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YES

Yes

 

Symphonic Prog

3.24 | 886 ratings

From Progarchives.com, the ultimate progressive rock music website

Negoba
Prog Reviewer
4 stars Listen...to what the Flower People Say

Progtologists have long known that their beloved musical form had its roots in psychedelic rock, and yet the exact move from hippies to prog-heads has been a point of controversy for decades. After much debate, the missing link has been identified, and its name is YES. Not just the band, but the debut album itself, with its low budget cover art, heavy jazz influence and plenty of flower power. Some have claimed this album inspired Spinal Tap's first hit, though this author is fairly certain that entire band is based almost entirely on Deep Purple.

In all seriousness, this album may be the best example of "proto-prog" that exists. As Yes went on to be perhaps the main standard bearer of the prog genre, it is natural to look at their early work for the music form's roots. As it turns out, Yes produced some of the best psychedelic rock out there. Where rock and roll in general, and psychedelic rock specifically, could be quite loose and musically inconsistent, Yes' debut album displays great talent, honed compositions, and great consistency. If, like me, you like psychedelic rock, this is a near masterpiece. The harmony vocals are strong. The interplay of organ and guitar is superb. I would argue that what really sets this album apart is the jazzy playing of Bill Bruford. Already he's clearly far ahead of his peers, and the incorporation of his more complex rhythmic sense was integral in what was to come.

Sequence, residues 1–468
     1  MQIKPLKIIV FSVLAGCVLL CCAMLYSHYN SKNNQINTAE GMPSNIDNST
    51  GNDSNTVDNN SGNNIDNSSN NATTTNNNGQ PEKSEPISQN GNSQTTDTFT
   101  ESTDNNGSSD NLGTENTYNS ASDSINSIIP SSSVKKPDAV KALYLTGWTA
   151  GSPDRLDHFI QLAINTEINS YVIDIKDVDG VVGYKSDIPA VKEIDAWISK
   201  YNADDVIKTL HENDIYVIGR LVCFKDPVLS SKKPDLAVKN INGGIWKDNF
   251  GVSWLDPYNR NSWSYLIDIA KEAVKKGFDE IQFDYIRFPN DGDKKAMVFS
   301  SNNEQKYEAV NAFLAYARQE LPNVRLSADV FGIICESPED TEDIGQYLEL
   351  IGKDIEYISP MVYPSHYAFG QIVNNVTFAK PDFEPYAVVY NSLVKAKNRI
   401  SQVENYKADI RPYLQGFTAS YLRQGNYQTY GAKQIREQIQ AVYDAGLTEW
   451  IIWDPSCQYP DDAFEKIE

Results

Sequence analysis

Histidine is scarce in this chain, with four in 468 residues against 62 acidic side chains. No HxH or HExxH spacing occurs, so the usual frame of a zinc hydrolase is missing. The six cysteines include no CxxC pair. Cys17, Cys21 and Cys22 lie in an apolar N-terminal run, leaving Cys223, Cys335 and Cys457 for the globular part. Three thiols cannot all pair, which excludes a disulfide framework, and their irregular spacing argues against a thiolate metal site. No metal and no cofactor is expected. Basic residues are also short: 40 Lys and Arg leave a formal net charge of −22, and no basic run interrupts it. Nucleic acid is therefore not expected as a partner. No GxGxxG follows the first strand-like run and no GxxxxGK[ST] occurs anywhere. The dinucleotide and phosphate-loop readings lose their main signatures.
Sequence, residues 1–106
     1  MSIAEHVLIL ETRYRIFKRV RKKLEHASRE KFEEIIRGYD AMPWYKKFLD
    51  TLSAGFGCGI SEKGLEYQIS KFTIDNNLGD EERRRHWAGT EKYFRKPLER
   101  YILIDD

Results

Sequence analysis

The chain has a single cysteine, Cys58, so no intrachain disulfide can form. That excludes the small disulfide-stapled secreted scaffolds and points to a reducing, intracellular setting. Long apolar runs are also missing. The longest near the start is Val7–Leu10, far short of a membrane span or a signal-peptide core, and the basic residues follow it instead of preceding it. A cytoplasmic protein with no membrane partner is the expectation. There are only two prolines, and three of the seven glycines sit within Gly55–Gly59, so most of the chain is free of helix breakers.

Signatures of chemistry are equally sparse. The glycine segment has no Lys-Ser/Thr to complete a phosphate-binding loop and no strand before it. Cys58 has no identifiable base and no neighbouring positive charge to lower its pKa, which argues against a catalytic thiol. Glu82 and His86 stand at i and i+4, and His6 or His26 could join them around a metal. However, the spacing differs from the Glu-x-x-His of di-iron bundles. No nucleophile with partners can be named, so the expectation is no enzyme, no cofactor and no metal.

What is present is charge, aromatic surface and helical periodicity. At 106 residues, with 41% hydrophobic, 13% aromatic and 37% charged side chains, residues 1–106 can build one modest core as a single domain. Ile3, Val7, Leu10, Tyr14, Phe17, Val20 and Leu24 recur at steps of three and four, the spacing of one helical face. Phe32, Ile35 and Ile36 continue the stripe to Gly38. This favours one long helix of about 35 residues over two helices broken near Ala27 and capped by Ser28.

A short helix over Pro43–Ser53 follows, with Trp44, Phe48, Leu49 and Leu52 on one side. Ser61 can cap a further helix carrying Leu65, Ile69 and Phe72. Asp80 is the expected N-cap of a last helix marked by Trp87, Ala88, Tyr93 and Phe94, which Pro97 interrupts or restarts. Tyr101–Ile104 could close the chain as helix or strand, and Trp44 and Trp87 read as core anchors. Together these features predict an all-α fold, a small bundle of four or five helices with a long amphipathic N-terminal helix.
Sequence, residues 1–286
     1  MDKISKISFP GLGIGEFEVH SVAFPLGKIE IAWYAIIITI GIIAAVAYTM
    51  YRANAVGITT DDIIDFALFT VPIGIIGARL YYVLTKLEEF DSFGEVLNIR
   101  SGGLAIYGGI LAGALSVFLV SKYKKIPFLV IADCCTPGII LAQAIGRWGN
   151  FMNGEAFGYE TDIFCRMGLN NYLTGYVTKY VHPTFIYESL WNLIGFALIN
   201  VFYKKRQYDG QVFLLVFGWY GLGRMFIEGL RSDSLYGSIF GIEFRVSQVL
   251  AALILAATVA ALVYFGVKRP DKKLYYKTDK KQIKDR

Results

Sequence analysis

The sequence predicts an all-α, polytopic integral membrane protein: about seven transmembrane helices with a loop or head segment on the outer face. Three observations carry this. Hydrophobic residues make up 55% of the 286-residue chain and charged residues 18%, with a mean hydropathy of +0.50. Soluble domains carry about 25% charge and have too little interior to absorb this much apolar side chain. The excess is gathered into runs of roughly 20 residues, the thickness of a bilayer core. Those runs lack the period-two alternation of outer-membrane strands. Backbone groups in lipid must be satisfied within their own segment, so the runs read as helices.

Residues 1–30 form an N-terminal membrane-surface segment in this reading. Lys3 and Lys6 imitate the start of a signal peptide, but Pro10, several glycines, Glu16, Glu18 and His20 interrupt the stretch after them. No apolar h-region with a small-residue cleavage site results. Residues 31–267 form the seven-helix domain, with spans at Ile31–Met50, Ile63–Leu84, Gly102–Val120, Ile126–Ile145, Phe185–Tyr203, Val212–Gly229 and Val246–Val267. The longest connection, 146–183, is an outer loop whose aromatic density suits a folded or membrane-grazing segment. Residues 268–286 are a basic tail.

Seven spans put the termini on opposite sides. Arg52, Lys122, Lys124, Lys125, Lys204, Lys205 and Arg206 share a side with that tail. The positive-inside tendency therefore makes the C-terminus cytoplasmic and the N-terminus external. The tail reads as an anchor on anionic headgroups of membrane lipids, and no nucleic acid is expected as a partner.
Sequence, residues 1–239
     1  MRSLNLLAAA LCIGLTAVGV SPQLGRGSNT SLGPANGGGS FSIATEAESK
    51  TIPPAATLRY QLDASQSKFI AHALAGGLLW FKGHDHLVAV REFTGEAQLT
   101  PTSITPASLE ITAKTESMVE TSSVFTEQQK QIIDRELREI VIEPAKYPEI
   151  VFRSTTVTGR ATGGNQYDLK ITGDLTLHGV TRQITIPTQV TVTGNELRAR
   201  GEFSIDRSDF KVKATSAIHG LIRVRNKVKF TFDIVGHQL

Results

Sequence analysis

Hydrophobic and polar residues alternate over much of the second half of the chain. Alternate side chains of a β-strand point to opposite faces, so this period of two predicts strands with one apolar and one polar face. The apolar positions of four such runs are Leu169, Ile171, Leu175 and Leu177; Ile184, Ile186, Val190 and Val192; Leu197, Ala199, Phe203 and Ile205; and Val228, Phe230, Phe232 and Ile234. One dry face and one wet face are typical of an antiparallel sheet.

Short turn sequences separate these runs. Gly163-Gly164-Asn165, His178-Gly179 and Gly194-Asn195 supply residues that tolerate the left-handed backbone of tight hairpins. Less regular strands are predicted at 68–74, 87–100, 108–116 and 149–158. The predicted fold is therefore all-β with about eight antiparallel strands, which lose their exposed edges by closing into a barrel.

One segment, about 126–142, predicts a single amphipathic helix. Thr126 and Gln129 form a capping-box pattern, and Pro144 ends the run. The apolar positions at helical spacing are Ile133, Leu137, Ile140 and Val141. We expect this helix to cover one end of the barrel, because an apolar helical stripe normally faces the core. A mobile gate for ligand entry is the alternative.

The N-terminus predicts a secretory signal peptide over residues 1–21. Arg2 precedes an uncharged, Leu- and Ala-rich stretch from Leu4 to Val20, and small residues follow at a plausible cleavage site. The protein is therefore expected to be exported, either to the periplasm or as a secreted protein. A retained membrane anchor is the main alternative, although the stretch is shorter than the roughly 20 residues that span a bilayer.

When you're starting place is already better than virtually every peer, it's a good sign of things to come. And the seeds that are on this album are obviously what were developed into one of the signature sounds of the progressive rock movement. Chris Squire's bass sound is already in the forefront, active and an integral part of the arrangements. The use of multiple textures, often within the same song, is performed with ease. Many of Jon Anderson's signature melodic choices are already in place. There are places where the organ clearly looks forward to the more active role it will play. Peter Banks' guitar is extremely well done, but is rooted more in rock n roll than replacement Steve Howe's. (This change may have been THE key in the evolution of the Yes sound.)

I'm a hippie at heart and I really love this album, as you can see. YES is going to hold interest for any prog fan, but for those who love 60's music and prog, this is a must have.

Negoba | 4/5 |

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